Workers compensation benefits are limited to certain defined areas.
Benefits under a workers compensation claim include payment for a compensation rate, whether you are totally or partially disabled as a result of your work related injury. Also included are payment for your medical bills, documented scarring and permanency. Finally, where you are disabled for a certain period of time, and where you are not able to return to your employment, it is possible under the right circumstances to obtain a "lump sum" settlement.
However, 'paid and suffering' damages are not part of workers compensation.
The only time that 'pain and suffering' damages can be obtained in relation to a work injury is where there is a third party suit. Reading between the lines, I'm not sure that applies in your case.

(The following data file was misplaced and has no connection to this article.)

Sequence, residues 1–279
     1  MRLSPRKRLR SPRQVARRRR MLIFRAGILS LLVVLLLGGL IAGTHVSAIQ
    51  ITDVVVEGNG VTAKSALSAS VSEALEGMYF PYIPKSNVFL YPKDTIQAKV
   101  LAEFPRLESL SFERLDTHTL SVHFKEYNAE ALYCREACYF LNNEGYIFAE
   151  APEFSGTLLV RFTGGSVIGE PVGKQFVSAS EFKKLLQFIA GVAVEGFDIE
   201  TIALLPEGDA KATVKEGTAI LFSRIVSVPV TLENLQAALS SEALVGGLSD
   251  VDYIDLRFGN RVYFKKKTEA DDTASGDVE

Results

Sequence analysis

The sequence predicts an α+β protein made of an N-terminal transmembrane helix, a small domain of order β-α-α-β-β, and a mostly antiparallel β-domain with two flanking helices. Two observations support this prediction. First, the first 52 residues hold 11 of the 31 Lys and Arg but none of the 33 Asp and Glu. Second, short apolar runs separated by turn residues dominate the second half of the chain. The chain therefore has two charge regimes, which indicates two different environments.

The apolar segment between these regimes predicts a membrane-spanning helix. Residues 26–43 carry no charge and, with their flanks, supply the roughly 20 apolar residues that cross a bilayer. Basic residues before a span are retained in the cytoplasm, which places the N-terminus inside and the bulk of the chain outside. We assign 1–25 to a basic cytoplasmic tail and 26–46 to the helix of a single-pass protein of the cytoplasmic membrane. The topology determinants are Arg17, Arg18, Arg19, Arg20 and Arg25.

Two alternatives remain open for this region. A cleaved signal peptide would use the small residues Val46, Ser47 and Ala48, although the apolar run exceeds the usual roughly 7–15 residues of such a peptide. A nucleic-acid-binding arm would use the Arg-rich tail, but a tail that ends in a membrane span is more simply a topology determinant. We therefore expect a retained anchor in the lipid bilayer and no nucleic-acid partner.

You need to retain an experienced workers compensation attorney. Workers compensation attorneys do not charge for an initial consultation, and may not receive a fee unless and until allowed by state statute.
This answer is provided for informational purposes only. Actual legal advice can only be provided in an office consultation by an attorney licensed in your jurisdiction, with experience in the area of law in which your concern lies.
Technically, no. In the context of a workers' compensation claim, pain and suffering is only relevant to the extent it impacts a worker's vocational disability. In other words, how does your pain and suffering impact your ability to acquire gainful employment.